(COLORADO SPRINGS) – It’s taken ten years and hours of work from volunteers, but the Dixon trail, which will allow hikers to reach the summit of Cheyenne Mountain, is nearly complete.
“It’s really been a community effort to make this trail a reality,” commented Joe Lavorini with the Rocky Mountain Field Institute (RMFI)
Volunteers, non-profits and various organizations have helped make the trail a reality over its ten years of construction.
“You walk up to this section of land, where there’s no trail. It’s not exactly virgin forest, but you walk up to this wooded area and through the day, the crew of volunteers builds a trail through there, and it looks like it’s been there for years. And you did it,” commented Carol Beckman, a member of the Colorado Springs parks and recreation advisory board and a longtime outdoor restoration volunteer.
The RMFI started building at the top of the mountain, and Volunteers for Outdoor Colorado are developing the bottom portion of the trail.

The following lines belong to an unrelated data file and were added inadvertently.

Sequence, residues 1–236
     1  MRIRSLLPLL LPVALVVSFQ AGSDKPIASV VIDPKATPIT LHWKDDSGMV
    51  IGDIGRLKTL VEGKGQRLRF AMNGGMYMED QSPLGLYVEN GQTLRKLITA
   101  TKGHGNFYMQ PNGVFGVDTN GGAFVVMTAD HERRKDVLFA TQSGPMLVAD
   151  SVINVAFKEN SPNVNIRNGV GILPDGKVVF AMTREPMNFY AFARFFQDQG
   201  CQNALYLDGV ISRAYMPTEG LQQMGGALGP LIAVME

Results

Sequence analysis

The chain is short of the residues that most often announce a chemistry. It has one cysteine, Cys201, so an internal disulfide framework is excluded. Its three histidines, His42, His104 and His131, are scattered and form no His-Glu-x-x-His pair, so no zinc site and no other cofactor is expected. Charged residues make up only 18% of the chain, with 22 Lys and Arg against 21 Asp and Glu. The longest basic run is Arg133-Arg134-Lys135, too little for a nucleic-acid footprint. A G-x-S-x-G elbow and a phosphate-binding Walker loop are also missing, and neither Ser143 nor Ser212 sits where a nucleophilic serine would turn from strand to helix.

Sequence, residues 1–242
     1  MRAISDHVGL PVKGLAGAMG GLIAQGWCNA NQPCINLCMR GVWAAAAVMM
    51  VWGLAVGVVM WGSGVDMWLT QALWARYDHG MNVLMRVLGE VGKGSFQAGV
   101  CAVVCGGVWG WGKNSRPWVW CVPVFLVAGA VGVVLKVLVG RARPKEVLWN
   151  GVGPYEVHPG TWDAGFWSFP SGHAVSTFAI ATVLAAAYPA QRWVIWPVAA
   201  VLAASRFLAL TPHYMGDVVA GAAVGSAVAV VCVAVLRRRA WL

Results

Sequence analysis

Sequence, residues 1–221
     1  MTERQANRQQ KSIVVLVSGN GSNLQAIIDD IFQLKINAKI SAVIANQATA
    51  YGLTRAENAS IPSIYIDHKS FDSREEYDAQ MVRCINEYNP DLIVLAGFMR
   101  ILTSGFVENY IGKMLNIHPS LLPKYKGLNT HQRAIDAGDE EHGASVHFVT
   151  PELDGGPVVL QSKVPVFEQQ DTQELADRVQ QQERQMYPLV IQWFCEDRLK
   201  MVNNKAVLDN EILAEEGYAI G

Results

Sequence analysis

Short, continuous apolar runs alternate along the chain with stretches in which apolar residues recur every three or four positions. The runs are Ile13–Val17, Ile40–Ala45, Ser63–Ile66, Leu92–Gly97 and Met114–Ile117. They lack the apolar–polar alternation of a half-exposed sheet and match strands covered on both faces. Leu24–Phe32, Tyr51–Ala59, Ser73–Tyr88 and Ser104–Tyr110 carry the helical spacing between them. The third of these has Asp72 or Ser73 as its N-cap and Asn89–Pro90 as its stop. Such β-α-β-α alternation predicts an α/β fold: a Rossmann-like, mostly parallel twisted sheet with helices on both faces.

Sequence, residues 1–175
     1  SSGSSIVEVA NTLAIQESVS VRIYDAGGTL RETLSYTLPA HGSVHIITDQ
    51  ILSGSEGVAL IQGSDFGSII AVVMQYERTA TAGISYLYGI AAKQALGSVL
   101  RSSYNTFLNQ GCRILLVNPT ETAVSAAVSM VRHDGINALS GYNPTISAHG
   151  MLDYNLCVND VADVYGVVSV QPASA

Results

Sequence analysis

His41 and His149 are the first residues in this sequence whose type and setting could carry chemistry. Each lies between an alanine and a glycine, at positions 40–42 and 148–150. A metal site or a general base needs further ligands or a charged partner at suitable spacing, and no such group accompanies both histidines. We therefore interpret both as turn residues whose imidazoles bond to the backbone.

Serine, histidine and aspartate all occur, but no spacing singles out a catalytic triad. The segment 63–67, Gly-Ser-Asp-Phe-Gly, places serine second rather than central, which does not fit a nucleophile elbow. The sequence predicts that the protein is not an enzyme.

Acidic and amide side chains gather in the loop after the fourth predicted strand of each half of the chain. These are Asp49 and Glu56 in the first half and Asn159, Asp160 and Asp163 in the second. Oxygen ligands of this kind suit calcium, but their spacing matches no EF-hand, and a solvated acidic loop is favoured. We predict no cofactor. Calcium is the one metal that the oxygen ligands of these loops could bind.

“This year we are happy to meet in the middle, hammer in the golden spike and get this thing complete,” Lavorini said.
The final piece, a several acre parcel of land needed to connect both ends of the trial was not available to be bought, until groups struck a deal on Thursday.
The purchase of the easement is set to happen this summer and cost around $16,000, a cost Colorado Springs Trails, Open Space and Parks (TOPS) will split with one of its non-profit partners.
“So we have a partnership where TOPS will pay for half and the Friends of the Cheyenne Mountain will pay for half,” said Britt Haley with Colorado Springs Trails, Open Space and Parks.
Once purchased, the trail should be finished in about two months.
“And once they actually do it, [they’re] talking about maybe September or October for the trail opening,” finished Carol.